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OUT OF TOWN EATS
My wine writing job frequently takes me to Paso Robles, where the restaurant scene continues to grow. (And yeah, I get hit up all the time for restaurant recs there too.)
One of the hottest tables in town is Les Petites Canailles, run by Julien Asseo, the son of L’Aventure Winery founder Stephan Asseo, who moved from Frande to Paso Robles when Julien was just 10 years old. After studying culinary arts back in Bordeaux and working in Paris, Julien cooked pastry in Los Angeles and then moved to Las Vegas, working for four years at Joel Robuchon and then becoming the executive chef at Guy Savoy. In 2019, Julien moved with his wife, Courtney Asseo, and three children back to Paso Robles to open their own restaurant, serving rich and inventive wine country cuisine that pairs well with big Paso reds as well as sleek Old World whites.
I ate there recently with the winemaking team from Tooth & Nail Winery, and it met my high expectations. We went from luxurious escargot risotto, creamy in a parsley butter sauce, to a smoky tarte flambee, with lardons, fromage blanc, and Gruyère, to a visually engaging octopus “à la basquaise,” drizzled with chorizo oil and atop black garlic puree with puffed tapioca chips adding crunch. And those were just the apps. Moules-frites came next.
Like quite a few wineries in Paso now — and elsewhere, due to the food-serving rules enacted during COVID — Tooth & Nail also serves its own menu. We tried some of that the next day, with bao buns, cheese puffs, and flank steak sauce in refreshing salsa verde, all prepared by Ashley Reese.
This past week, after hanging with the Ribolis, I caught up with winemaker Patrick Muran and master cooper Quinn Roberts of Tonnellerie Ô at Niner Wine Estates on Highway 46. We all traveled together to France back in 2017, and I wrote about Quinn’s interesting life and work after that trip.
Niner was one of the first Paso wineries to serve food, which I covered six years ago. After some ups and downs over the years, Niner’s food service is back in full swing and ever-packed on the patio.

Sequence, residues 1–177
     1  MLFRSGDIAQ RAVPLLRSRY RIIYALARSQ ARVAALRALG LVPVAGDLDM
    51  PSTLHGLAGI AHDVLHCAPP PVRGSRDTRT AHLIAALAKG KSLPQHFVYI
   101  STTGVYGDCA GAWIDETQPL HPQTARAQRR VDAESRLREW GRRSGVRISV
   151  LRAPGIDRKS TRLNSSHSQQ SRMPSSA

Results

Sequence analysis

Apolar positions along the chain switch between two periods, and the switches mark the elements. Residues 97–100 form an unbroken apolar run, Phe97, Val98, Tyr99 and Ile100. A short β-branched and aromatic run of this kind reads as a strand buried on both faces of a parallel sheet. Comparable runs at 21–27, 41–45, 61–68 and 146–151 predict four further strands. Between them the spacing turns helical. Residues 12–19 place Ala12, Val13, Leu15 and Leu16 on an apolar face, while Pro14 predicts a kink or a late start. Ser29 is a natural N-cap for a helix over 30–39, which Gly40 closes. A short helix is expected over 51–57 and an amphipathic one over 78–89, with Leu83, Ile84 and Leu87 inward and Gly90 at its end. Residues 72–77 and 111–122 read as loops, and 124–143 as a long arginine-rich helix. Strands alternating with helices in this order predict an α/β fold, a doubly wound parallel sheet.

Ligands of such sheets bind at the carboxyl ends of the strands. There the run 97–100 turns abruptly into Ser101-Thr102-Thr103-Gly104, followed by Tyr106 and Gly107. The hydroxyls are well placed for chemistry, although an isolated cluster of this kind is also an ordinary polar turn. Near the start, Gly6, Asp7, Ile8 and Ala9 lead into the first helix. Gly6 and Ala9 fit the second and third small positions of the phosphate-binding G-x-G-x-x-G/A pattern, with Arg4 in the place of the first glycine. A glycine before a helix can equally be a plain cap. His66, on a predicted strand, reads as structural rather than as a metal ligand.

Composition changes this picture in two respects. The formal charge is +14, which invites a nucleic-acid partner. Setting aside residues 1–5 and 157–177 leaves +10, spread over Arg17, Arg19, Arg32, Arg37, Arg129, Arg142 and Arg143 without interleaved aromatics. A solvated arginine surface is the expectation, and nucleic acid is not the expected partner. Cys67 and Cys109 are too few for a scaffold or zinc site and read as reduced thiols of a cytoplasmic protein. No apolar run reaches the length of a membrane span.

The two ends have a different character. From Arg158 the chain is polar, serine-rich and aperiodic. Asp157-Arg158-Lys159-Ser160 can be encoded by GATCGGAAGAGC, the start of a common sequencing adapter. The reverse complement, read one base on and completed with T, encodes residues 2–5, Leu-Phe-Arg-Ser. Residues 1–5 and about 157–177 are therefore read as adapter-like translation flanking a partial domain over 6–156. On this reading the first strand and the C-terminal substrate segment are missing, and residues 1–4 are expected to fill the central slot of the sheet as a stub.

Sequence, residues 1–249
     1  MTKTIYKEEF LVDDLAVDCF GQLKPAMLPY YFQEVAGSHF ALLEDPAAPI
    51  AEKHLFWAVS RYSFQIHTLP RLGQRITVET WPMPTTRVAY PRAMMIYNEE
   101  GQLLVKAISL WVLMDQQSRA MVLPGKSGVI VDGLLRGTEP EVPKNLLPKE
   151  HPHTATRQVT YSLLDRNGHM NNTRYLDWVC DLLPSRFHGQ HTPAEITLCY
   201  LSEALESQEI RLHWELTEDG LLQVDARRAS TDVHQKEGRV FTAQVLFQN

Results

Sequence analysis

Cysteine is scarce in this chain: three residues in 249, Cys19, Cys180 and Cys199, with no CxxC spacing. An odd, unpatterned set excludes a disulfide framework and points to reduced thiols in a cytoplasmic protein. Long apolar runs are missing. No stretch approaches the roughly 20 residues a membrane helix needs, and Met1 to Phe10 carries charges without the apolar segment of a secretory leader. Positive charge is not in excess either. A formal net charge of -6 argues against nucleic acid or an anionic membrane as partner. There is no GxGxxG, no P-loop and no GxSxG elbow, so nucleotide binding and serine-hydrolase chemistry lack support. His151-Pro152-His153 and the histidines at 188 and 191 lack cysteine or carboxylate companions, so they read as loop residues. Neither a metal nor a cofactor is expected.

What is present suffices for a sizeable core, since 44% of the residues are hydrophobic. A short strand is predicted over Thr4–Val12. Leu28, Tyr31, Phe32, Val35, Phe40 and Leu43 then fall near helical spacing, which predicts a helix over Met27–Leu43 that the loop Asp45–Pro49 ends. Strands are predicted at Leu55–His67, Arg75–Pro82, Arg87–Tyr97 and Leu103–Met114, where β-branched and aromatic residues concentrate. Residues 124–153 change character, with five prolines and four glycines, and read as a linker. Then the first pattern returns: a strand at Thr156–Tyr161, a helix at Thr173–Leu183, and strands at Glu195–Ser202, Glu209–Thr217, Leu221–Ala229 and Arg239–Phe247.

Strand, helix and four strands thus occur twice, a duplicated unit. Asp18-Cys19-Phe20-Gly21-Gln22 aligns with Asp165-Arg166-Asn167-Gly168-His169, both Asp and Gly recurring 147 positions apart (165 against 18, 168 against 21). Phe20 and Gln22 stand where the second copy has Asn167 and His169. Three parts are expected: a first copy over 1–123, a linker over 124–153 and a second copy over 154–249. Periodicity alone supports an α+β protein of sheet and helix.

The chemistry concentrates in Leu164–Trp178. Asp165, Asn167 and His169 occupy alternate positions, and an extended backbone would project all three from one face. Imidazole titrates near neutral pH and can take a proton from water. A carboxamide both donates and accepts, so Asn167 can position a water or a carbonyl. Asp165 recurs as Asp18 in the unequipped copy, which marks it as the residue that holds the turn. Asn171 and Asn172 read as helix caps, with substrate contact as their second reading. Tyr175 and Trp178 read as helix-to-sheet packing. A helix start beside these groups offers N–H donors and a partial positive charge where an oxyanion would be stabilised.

Both Quinn and I opted for the fried chicken, side salad, and expert French fries, which the cooks freeze before cooking to get that special soft-meets-crunchy texture. It’s worth a stop, but make reservations.
WINES TO FIND
- Last year, I wrote about the collaboration of Jeremy Fraser, Tim Tighe, and Standing Sun winemaker John Wright, and celebrity-fueled buzz behind their Flocking Fabulous wines, which are poured at The Hideaway in Los Olivos. The quality is improving, and I was particularly impressed with the Flocking Fabulous “Kaerskov Vineyard” Santa Barbara County GSM 2019. It’s got red plum, boysenberry, rose petal, and plenty of white pepper spice.
- Rincon Mountain Winery owns a vineyard that sits atop, yes, Rincon Mountain, a pretty tough spot to grow grapes given the wind and constant coastal influence. I first Darren and Jill Siple when I wrote about their brewery back in 2016, and have since tried nearly 20 of their wines. Most are grown at their estate near Creston east of Paso Robles, but the pinot noir still comes from the mountaintop. I recently liked the 2018, which is technically a Ventura County wine. It’s a fairly opulent, black-cherry-washed expression, showing that achieving ripeness won’t be a problem up high. They’re still selling the 2017 for now.